Rupert Sanders’ adaptation of the manga/anime/TV/web series franchise Ghost In the Shell is almost shockingly strange, disquieting, melancholic, creepy, and sad. For a big-studio, extremely expensive, bus-stop-and-billboard-advertised piece of mainstream entertainment, it feels astonishingly personal, authentic, and artsy; it doesn’t smell mainstream at all.
Sanders has gotten away with sneaking personality into Hollywood product before, with 2012’s Snow White and The Huntsman, which was creepier and more interesting than it had any right to be. His career is rather astonishing; Snow White and The Huntsman was his first feature film and this is his second; it’s like he got to pilot the jumbo jet without ever having to fly the Cessna. But it’s deserved; he has an insightful eye and a true sense of mood.
Besides an extraordinary VFX team, his essential collaborator here is Scarlett Johansson, playing a cyborg – more specifically, a totally robotic body housing a totally human brain – known as Major, who, considered a weapon, is deployed to fight cyber-terrorism in a murky, rainy and hyper-commercialised future lovingly and liberally referencing the cityscapes of Blade Runner (1982). Johansson, who must be about as in-demand an A-List movie star as it’s possible to be, has chosen to devote a huge chunk of her career to playing extraordinary beings whose resemblance to human beings is only skin-deep – literally so here and in Under The Skin (2014), and also in Lucy (2014) and as Black Widow in the ongoing Marvel Studios Avengers franchise. In all of these films Johansson demonstrates herself as a gifted and bold physical performer, making striking choices with her posture, her limbs, her gait, but it is in Under The Skin and again here that she approaches the uncanny. In both films, she fully commits, through brave physical choices, to playing a non-human. Alicia Vikander pulled it off too, in Ex Machina (2015), but I can’t think of any other current movie star making a deliberate habit of this kind of work. (Some action stars may give “robotic” performances, but that’s something else entirely). Again, in the context of a massive studio movie designed to make money, Johansson’s performance – which works completely – is audacious. Her cyborg owes its strange gait more than a little to the animated portrayal in the 1995 feature anime film, but is filled with vulnerability, pathos and pain. She is a tragic figure.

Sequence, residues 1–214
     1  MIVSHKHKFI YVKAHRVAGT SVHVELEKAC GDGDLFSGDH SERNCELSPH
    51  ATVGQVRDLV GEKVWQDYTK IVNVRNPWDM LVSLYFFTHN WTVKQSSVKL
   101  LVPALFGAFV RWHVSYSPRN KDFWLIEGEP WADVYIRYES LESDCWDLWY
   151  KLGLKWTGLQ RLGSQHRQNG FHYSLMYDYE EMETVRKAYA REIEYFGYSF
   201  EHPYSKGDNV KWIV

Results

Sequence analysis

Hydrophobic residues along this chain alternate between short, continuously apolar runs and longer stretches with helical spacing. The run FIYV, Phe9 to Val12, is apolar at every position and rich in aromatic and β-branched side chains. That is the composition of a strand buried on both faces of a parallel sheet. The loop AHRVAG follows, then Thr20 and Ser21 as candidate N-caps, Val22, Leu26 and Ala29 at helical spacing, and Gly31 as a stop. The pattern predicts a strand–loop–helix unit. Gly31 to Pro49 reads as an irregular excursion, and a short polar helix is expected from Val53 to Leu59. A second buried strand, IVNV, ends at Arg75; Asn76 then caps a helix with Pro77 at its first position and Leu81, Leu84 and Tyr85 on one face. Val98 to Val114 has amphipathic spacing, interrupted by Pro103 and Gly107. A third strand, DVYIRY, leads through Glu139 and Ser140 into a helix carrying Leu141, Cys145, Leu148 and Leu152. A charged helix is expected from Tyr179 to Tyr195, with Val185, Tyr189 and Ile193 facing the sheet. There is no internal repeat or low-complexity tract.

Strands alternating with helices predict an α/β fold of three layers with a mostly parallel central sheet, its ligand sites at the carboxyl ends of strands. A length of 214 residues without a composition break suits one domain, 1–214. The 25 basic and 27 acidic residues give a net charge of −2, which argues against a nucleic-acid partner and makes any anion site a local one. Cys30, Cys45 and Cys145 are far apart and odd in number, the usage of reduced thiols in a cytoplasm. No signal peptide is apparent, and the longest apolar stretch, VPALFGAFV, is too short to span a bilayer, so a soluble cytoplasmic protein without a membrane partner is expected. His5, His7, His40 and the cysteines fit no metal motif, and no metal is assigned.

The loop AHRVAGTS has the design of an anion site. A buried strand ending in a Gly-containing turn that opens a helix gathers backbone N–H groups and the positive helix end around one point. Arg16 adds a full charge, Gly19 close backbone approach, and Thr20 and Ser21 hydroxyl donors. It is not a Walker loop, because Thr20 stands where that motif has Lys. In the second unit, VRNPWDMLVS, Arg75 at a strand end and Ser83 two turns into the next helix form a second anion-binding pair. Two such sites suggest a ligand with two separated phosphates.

The film owes Blade Runner more than credit for inspiring its production design; the underlying material obviously owes a huge debt, on a story and thematic level, to that film and its source material, Phillip K. Dick’s Do Androids Dream of Electric Sheep?. The emotional core of this film, as of Ridley Scott’s classic, centres on the pain cyborgs/androids feel when they are forced to encounter the boundaries of their humanity. It’s a very rich vein, encompassing concepts of second-class citizenry, genetic engineering, artificial intelligence, robotic warfare, and, somehow most obliquely and obviously, class. We have seen it before – and we’ve seen it better – but it’s closer to our IRL (in real life) situation than ever. Unfortunately, storytelling is Ghost In The Shell‘s weakest attribute. In the first act it’s practically impenetrable.
But the mood, the visuals, the style, and the performances are utterly compelling and, in an age of CGI marvels (pun kind of intended), manage to feel original and grown-up. Johansson’s compelling creation is supported by similarly ambitious performances from Pilou Asbaek and “Beat” Takeshi Kitano. Asbaek in particular finds, like Johansson, great pain and sadness in augmented humanity. He gets some sort of visual robotics hard-wired onto his face, expanding his visual capabilities, but then complains to Major that he finds it tricky to drive with them. It’s a sad, strange moment but it carries a lot of weight; as we all revel in our new digital lives, how often do we realise that for everything we’re gaining, we’re also constantly giving things up?